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Merging quasars from the 'Cosmic Dawn' reveal how the universe was formed

Let us transport ourselves back in time to an era when the universe was a mere 900 million years old, a period known as the “Cosmic Dawn.”

Amidst this evolution of our universe, astronomers have made an extraordinary discovery: a pair of merging quasars, each powered by a supermassive black hole, locked in a gravitational dance of immense scale and energy.

This observation offers a rare glimpse into the dynamic processes that shaped the early universe and its structures.

Supermassive hearts of merging quasars

Before delving into this celestial phenomenon, it’s essential to understand the key players. Quasars are exceedingly luminous astronomical objects that often outshine entire galaxies.

This immense energy output is generated by a supermassive black hole residing at the core of the quasar.

These black holes, millions or even billions of times more massive than our Sun, exert a gravitational pull so powerful that it draws in surrounding matter.

Merging quasars from the 'Cosmic Dawn' reveal how the universe was formed. Credit: NOIRlab/NSF
Merging quasars from the ‘Cosmic Dawn’ reveal how the universe was formed. Credit: NOIRlab/NSF

As this matter spirals towards the black hole, it forms an accretion disk, a swirling vortex of gas and dust.

Within this disk, intense frictional and gravitational forces generate extreme temperatures, causing the matter to emit vast amounts of radiation across the electromagnetic spectrum.

This radiant energy is what makes quasars some of the brightest objects in the observable universe. The study of quasars provides valuable insights into the evolution of galaxies and the behavior of matter under extreme gravitational conditions.

Cosmic dawn

The early universe, a period known as the Cosmic Dawn, was a time of immense change. Roughly 50 million years after the Big Bang, the first stars and galaxies began to form, marking a pivotal shift from darkness to light.

This emergence of luminous objects initiated the Epoch of Reionization, a transformative phase in cosmic history.

During the Epoch of Reionization, the universe’s abundant neutral hydrogen gas was bombarded with intense ultraviolet radiation emitted by these nascent stars and galaxies.

This radiation had enough energy to strip electrons from the hydrogen atoms, a process known as ionization.

The ionization of hydrogen fundamentally altered the properties of the universe, making it transparent to certain wavelengths of light and paving the way for the formation of the complex structures, such as galaxies and galaxy clusters, that we observe in the universe today.

Merging quasars discovered

Enter Yoshiki Matsuoka, an astronomer at Ehime University in Japan, and his astute team. While meticulously examining images captured by the Hyper Suprime-Cam on the Subaru Telescope, they noticed a curious pair of red dots nestled closely together.

“The discovery was purely serendipitous,” Matsuoka remarked, unaware of the remarkable implications this chance observation held.

Subaru telescope captures two quasars merging in the early universe. Credit: NOIRLab/NSF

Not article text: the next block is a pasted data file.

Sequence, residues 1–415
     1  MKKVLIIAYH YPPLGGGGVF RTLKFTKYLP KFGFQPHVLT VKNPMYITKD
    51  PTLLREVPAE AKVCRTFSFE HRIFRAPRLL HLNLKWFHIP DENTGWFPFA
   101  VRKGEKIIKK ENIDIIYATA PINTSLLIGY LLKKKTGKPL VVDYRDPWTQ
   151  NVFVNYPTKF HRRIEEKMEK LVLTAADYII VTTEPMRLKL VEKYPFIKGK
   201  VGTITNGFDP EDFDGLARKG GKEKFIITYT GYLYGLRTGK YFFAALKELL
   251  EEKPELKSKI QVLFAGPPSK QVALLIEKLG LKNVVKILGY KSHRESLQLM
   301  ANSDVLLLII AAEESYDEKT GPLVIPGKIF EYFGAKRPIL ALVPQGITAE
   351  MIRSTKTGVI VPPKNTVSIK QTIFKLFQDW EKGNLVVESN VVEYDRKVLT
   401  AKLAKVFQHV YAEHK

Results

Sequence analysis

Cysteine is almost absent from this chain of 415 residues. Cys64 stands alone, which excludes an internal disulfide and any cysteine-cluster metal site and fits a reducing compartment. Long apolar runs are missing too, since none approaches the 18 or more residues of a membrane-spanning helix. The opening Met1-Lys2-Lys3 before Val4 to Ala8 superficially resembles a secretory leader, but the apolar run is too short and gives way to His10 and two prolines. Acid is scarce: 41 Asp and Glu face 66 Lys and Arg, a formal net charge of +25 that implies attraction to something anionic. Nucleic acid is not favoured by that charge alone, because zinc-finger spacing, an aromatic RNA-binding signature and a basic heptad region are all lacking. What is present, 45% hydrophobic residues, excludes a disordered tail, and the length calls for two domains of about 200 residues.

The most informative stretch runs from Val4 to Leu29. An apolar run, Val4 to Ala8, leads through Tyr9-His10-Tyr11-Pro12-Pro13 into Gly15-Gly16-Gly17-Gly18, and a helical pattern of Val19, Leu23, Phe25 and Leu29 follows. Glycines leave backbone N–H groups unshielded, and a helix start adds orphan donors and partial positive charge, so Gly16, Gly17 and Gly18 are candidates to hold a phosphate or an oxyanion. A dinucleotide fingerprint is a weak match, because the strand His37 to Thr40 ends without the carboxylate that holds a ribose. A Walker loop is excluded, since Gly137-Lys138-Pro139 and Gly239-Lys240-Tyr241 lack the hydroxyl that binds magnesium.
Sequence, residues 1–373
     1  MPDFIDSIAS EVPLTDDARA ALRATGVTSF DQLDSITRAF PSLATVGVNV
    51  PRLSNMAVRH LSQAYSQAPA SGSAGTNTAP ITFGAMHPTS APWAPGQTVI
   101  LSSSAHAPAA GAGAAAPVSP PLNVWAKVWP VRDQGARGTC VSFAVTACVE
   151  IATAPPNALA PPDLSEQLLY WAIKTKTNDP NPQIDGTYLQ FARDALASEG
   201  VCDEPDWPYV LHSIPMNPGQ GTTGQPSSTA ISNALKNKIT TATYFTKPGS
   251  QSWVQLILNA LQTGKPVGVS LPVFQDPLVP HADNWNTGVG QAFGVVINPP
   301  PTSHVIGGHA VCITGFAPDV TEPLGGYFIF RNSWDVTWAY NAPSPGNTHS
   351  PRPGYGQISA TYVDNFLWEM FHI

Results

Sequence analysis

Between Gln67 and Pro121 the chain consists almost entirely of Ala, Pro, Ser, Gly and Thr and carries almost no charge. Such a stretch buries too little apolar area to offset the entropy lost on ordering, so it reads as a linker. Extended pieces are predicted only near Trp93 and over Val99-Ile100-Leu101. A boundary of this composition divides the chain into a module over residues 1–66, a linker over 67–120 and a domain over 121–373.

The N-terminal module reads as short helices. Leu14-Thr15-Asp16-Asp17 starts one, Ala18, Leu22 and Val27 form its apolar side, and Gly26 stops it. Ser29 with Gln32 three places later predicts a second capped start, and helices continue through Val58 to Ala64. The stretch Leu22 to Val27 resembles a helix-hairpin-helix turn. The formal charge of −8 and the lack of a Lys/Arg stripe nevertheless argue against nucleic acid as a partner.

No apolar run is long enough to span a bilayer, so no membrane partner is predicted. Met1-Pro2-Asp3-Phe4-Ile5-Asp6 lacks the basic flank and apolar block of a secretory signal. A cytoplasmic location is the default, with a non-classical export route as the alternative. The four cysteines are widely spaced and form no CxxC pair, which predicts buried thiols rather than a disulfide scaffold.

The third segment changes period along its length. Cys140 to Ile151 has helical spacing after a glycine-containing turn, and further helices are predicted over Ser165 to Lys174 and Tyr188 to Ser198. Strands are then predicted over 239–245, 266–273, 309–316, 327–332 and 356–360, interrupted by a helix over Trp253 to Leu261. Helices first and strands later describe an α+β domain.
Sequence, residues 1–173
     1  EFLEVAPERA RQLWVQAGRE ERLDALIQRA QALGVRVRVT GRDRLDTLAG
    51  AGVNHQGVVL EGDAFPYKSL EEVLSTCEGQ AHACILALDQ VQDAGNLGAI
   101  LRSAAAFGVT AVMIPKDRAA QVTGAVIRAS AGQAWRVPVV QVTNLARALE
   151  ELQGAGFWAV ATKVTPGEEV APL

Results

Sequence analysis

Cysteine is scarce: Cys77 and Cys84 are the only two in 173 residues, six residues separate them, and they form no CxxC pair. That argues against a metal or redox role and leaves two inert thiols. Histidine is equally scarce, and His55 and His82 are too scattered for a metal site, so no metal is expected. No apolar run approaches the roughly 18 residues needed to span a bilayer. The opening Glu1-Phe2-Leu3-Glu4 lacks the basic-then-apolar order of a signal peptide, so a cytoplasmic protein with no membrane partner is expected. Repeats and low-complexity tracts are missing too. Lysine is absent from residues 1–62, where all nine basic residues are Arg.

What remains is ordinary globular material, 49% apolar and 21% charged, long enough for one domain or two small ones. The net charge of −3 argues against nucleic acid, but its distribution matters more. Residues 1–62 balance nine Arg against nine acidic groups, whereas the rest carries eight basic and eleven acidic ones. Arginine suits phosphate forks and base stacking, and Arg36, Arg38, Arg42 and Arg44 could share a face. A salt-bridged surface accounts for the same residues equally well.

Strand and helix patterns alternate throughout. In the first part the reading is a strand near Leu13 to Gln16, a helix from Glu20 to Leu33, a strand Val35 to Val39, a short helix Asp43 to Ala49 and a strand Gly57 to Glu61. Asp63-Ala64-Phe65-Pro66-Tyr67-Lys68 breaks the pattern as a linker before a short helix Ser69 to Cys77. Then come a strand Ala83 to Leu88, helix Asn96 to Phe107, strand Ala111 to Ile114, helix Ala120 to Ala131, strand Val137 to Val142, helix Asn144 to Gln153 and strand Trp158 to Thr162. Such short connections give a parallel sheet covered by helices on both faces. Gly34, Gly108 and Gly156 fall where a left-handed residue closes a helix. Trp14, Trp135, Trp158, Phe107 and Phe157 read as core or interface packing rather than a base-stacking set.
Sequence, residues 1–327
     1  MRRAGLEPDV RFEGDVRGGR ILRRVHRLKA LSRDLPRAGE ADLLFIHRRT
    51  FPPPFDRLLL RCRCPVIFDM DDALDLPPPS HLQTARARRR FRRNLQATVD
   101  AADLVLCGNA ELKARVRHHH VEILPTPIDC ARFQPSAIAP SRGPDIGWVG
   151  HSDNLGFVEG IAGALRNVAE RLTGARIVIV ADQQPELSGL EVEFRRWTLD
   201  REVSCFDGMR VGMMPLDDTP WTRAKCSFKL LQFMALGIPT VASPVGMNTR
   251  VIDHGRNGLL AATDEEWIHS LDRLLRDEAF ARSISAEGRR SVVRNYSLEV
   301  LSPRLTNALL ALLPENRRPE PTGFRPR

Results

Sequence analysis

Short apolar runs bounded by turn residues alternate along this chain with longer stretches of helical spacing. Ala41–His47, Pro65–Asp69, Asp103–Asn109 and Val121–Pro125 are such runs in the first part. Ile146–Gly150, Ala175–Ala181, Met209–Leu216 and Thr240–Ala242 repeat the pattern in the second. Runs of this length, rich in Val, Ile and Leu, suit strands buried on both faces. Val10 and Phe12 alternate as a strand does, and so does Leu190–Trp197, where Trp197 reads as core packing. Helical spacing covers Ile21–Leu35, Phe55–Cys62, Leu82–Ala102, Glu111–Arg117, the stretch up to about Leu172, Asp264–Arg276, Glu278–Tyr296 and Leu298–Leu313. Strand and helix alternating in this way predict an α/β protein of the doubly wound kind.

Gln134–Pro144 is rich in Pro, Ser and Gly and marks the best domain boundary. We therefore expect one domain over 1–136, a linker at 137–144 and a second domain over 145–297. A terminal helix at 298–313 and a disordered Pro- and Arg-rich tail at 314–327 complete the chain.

Subaru telescope captures two quasars merging in the early universe. Credit: NOIRLab/NSF

Upon closer inspection, these red dots were revealed to be quasars, each harboring a colossal black hole exceeding 100 million solar masses.

Astoundingly, these quasars were separated by a mere 10,000 light-years, a distance comparable to the width of our Milky Way galaxy.

This close proximity was no mere coincidence but a telltale sign of a cataclysmic merger in progress. The host galaxies of these quasars were locked in a gravitational embrace, their supermassive black holes spiraling towards an inevitable collision.

This merger will ultimately give birth to a single, even more monstrous black hole, forever altering the cosmic landscape.

Gaseous bridge

The Gemini Near-Infrared Spectrograph (GNIRS) on Gemini North played a crucial role in confirming the identity of these merging quasars and uncovering the secrets of their host galaxies.

“What we learned from the GNIRS observations was that the quasars are too faint to detect in near-infrared, even with one of the largest telescopes on the ground,” Matsuoka revealed.

This faintness indicated that a portion of the observed light originated not from the quasars themselves but from the intense star formation occurring within their merging galaxies.

Furthermore, the GNIRS observations detected a bridge of gas connecting the two quasars, providing compelling evidence of their impending merger.

Glimpse into the early universe

This monumental discovery offers a rare glimpse into a period of the universe that has long remained elusive.

By studying these distant objects, astronomers can unlock valuable insights into the processes that shaped the early universe and laid the foundation for the magnificent cosmic structures we marvel at today.

The discovery of this merging quasar pair marks a significant milestone in our understanding of the cosmos.

As astronomers venture deeper into the universe’s mysteries, they anticipate uncovering more of these enigmatic objects, gradually piecing together the intricate puzzle of the early universe’s evolution.

The highly anticipated Vera C. Rubin Observatory’s Legacy Survey of Space and Time (LSST) is poised to revolutionize quasar research.

With its unparalleled ability to peer into the depths of space, the LSST is expected to detect millions of quasars, ushering in a new era of discovery and unveiling the secrets of these cosmic powerhouses.


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